5 mins Water Reconciliation and the Encyclical (Oct. 22, 2016)
“Laudato si’ (Medieval Central Italian for “Praise be to you”) is the second encyclical of Pope Francis. The encyclical has the subtitle “On Care For Our Common Home”. In it, the Pope critiques consumerism and irresponsible development, laments environmental degradation and global warming, and calls all people of the world to take “swift and unified global action”.
Humans need water to live. In Canada some people have much less access to good water than others. The Church and academic institutions are bringing together Catholic students and indigenous students for a day to talk about drinking water on reserves. By focusing on a concrete problem like safe water, the broad issue of reconciliation, a more abstract concept, becomes real. It will be a busy day. Discussions on reconciliation, collaboration, clean water for First Nation reserves will challenge the participants as they experiment with the broad goal of finding a way towards reconciliation. What we clearly know, beyond a shadow of doubt, is the status quo has failed us all, and is not an option. The Catholic Church and these young folks are on to something – collaborating and working together, uncommon partners to an end that is long overdue and that benefits us all by creating a more just Canada.
2. 1 min Water Protectors (Oct. 23, 2016)
This article is brief but foreboding. The issue of indigenous treaty rights and the threats posed by pipelines is escalating in this region. Conciliation efforts are desperately needed. If a situation ever cried out for a specific resolution based on a commitment to reconciliation, this is it. Water is fundamental to life, and treaties are the foundation of what allowed the creation of Canada and the United States. These two fundamental truths require the attention of skilled negotiators to find a feasible path forward.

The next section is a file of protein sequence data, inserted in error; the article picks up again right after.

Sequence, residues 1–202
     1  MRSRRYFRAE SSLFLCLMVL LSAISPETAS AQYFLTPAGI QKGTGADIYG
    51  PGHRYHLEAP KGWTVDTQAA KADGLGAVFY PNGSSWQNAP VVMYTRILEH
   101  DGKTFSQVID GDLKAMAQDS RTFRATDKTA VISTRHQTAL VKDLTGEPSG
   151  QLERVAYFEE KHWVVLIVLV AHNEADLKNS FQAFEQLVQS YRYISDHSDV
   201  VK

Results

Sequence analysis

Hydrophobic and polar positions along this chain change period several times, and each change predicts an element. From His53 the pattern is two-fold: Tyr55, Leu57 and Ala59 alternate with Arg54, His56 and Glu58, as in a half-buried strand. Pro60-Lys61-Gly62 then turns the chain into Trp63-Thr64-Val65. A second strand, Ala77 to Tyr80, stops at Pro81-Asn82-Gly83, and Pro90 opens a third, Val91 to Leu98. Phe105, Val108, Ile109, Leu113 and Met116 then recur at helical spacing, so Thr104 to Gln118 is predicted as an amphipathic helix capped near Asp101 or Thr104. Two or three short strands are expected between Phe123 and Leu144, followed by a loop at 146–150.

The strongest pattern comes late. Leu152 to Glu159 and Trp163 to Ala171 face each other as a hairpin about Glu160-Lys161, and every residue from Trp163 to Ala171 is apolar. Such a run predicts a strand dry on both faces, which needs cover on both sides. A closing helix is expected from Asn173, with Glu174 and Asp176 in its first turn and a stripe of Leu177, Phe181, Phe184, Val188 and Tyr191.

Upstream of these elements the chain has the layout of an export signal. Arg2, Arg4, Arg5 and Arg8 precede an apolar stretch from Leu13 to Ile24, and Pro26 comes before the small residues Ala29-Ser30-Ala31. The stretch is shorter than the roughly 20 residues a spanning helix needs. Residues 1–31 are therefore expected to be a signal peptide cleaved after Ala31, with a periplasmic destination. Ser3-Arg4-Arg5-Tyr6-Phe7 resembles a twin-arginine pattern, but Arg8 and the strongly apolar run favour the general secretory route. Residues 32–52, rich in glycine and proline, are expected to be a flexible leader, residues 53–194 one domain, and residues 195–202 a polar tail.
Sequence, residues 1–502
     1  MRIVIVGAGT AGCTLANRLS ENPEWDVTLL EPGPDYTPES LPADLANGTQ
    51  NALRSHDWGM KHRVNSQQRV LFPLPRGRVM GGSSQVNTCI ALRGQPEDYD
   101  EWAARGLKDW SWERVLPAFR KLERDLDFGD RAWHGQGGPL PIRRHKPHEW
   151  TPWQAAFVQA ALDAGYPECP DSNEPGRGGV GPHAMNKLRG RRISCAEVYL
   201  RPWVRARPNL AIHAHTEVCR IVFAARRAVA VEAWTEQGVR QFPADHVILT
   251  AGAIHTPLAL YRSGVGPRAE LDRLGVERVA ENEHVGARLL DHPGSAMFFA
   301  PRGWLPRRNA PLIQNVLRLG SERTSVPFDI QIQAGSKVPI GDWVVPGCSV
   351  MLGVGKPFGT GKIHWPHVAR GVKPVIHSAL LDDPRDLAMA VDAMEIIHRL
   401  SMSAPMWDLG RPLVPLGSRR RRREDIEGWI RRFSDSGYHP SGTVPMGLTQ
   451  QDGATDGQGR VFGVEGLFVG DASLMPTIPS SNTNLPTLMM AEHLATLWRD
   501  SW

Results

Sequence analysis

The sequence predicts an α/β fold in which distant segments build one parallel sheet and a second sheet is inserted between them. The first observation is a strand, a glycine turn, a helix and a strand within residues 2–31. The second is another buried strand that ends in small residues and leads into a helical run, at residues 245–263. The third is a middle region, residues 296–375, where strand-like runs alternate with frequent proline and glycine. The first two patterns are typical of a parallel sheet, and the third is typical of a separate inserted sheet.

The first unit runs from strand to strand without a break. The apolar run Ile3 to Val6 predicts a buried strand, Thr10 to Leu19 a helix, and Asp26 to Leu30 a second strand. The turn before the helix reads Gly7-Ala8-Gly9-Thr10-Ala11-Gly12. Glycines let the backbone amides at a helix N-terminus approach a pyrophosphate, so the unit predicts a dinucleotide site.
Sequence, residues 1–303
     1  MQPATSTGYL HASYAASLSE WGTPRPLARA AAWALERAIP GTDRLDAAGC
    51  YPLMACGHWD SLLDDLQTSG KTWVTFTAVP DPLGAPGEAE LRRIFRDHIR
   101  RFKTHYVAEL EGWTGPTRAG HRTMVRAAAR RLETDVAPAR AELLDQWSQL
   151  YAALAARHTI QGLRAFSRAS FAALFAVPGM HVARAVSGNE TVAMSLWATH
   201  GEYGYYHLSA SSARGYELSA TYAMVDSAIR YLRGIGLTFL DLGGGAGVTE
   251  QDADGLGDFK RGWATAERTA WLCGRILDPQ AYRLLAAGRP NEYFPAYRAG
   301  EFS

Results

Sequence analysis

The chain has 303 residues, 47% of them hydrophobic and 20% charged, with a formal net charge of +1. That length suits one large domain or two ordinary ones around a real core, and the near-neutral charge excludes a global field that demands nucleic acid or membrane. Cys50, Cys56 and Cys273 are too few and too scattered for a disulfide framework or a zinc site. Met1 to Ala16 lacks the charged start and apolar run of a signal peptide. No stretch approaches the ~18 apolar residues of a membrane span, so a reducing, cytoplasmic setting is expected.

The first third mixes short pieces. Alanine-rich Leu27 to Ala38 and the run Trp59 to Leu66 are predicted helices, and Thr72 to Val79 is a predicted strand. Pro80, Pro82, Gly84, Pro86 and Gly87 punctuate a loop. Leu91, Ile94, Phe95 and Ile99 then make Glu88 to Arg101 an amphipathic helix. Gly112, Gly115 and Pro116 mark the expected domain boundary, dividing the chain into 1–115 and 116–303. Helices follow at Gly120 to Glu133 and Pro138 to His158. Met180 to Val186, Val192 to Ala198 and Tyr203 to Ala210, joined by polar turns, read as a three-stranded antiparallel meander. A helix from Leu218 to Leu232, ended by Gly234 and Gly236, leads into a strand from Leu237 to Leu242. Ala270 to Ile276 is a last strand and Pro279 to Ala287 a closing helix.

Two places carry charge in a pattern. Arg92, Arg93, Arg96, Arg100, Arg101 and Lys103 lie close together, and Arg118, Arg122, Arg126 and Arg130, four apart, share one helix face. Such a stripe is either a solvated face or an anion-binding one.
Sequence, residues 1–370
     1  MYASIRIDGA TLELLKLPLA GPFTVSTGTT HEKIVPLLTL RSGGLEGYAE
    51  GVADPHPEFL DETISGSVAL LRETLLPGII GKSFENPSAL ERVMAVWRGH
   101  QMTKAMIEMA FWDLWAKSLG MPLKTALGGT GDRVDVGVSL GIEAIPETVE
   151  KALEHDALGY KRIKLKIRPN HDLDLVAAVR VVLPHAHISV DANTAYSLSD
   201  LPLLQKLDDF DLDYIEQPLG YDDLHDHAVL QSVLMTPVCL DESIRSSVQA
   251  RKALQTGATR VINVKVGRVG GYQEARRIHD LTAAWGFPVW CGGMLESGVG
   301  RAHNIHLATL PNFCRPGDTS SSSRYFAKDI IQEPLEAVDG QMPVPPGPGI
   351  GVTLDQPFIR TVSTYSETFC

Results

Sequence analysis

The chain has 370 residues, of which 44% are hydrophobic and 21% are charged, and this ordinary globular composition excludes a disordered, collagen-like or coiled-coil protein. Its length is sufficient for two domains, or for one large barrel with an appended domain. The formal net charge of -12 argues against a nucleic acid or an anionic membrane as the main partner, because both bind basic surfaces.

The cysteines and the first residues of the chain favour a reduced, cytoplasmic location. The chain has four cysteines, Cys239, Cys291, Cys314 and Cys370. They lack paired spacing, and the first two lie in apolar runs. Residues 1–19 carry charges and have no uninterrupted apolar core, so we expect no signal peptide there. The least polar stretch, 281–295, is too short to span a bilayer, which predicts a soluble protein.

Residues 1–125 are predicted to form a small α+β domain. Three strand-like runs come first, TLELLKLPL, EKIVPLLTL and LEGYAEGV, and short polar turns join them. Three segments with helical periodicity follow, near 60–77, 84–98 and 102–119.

3. 5 min Voting for Reconciliation in Yukon (Oct. 21, 2016)
Election day is fast approaching in Yukon. The relationship between the public government and the Indigenous governments has taken on a greater importance with the election of the Federal Liberals a year ago. Can the Yukon Party, in power for the last 12 years win re-election, in spite of a fractious, litigious relationship with Indigenous governments, environmental groups and the public? Reconciliation, self-government, land claims, the carbon tax, the Peel Watershed planning battle…all are issues of critical importance in Yukon. What they share with all regions in Canada is whether there is a commitment to working with Indigenous governments using a collaborative approach, rather than the litigious, adversarial approach so common in the past. So as Yukoners vote they should be looking to which ever party best represents their interests and reflects their values when it comes to issues like reconciliation and collaboration with Indigenous governments and people.
4. 1 min Fibreoptic Opportunities (Oct. 25, 2016)
Indigenous communities that have had substandard technologies for too long can pass over the typical technological progression and move directly through to advanced capabilities such as fibre optic technology, as this article explains. We call this “leapfrogging” and all that is needed is creativity to figure out how leapfrogging can build many positive opportunities for communities. While the current initiative in this article is about extending fibreoptic to band offices, it should be extended to community members homes also. What businesses are possible if an indigenous nations – and their members – now have access to fibre optic capability? Which entrepreneurs can be supported in related business opportunities given the education, health and technology doors that are opened? Maybe a community member could become an Internet service provider? All that is required is the vision to invest. This is an exciting opportunity for these Federation of Sovereign Indigenous Nation governments.
5. 3 min Nation-to-Nation Diplomacy Needed (Oct. 25, 2016)
Further to our article comment last week, again, we see evidence of escalating tensions over development that will impact Indigenous (and, by the way, non-Indigenous also) lands and waters. Sadly, we see the influence of law and order thinking, which while appropriate and justified if public safety is at issue, will not really address the problem. What is needed is a nation-to-nation approach. When one nation has concerns about the actions of another nation, the response is usually a high-level diplomatic one meant to demonstrate that the relationship between the nations matters (regardless of whether the nations agree at first instance on the matter at hand). Nations seek amicable relationships based on fair and just agreements where no party unduly bears the brunt of any harm. The Muskrat Falls did this (the Premier met and reached resolution with the Indigenous peoples) and the folks in North Dakota should really consider a similar high level diplomatic outreach (on all sides).